The Head of the Mejlis of the Crimean Tatar People Refat Chubarov said he disagrees with a report by the Council of Europe on the situation with human rights in Crimea, reported DW.

- The report says that in temporarily occupied Crimea harassment and persecution are experienced only by the activists who disagree with the Russian regime, but not the Crimean Tatars as an ethnic group. We strongly disagree with this conclusion, Chubarov said April 21 at a round table held in Strasbourg in the framework of the PACE session.

Chubarov stressed that representatives of other religious denominations in Crimea, except Muslims, are not searched by the Russian Security Forces, and a ban on the Mejlis "is the best proof that the Russian occupation authorities conduct the extermination policy against the Crimean Tatar people."

The authors of the report focused their attention on the situation of the Crimean Tatars in the occupied peninsula. The document reflects the situation with human rights protection in Crimea, compliance with standards laid down in the European Convention on Human Rights, in particular, freedom of assembly, expression, media, rights of the national minorities and a right to a fair trial. The experts also examined the specific facts of human rights violations, namely the disappearance of the Crimean Tatar activists.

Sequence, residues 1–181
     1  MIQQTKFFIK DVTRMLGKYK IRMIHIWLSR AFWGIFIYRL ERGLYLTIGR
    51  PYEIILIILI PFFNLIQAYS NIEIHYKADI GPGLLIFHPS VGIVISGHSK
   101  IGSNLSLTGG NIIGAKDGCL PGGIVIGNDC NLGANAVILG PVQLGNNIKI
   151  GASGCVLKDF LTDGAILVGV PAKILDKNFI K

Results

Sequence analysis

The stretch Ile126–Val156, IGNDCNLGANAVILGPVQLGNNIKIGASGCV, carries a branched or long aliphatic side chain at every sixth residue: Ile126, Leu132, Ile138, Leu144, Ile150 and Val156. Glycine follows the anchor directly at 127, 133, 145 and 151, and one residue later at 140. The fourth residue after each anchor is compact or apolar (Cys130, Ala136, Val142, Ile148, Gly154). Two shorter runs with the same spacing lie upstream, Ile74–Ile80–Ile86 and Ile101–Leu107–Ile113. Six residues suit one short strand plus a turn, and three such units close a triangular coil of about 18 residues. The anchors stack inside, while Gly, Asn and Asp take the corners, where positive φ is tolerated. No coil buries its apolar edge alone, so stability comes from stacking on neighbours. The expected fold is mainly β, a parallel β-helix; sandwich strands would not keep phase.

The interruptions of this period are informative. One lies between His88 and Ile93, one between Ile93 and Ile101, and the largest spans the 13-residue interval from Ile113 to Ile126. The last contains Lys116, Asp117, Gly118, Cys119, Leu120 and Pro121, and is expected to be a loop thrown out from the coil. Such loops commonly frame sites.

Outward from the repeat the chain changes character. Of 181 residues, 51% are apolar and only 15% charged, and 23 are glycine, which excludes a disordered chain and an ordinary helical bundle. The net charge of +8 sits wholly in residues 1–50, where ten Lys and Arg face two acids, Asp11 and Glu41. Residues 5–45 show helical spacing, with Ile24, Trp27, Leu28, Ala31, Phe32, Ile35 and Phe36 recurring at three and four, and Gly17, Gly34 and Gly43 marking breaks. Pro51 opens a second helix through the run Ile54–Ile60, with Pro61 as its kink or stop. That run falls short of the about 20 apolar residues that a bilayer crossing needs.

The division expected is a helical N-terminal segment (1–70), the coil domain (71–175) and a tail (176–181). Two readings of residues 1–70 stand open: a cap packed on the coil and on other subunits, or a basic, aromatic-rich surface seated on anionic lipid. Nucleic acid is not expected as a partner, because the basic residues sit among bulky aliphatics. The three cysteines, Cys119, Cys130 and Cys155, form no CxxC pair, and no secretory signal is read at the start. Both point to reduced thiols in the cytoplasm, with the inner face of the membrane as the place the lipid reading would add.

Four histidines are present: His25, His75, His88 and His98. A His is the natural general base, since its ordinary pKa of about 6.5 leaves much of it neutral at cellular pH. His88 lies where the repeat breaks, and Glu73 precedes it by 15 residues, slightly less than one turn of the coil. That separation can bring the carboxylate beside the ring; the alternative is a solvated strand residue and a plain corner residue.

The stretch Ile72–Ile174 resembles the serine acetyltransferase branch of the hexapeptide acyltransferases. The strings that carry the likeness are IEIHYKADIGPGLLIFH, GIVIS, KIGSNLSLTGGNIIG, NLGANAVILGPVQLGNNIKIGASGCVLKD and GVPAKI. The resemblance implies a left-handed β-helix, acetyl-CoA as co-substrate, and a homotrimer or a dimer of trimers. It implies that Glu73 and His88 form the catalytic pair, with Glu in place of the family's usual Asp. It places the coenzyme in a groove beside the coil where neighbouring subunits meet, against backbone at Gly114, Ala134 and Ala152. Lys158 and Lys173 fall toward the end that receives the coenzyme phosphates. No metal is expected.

The mission of the Council of Europe has been actually the first international mission on the peninsula since Russia’s occupation in March 2014. According to the Secretary General of the Council of Europe, it was possible to conduct the mission thanks to Ukraine-Russia political consultations.

According to the Mejlis representatives, despite an extremely tight schedule the PACE President Pedro Agramunt and Human Rights Commissioner of the Council of Europe Nils Muzhnieks canceled all scheduled meetings in order to meet with Refat Chubarov. This shows that Europe is really concerned over the fate of the Mejlis of the Crimean Tatar People.

This concern is also proved by the fact that the Secretary General of the Council of Europe, Thorbjorn Jagland, who initiated and assisted in sending mission to Crimea, said that the aim of the Council of Europe is to protect the rights of every person, no matter what the circumstances are and where he or she lives on the European continent.

- I hope this report will be the basis for a fruitful discussion on what the Council of Europe can do for the people in Crimea, said Jagland.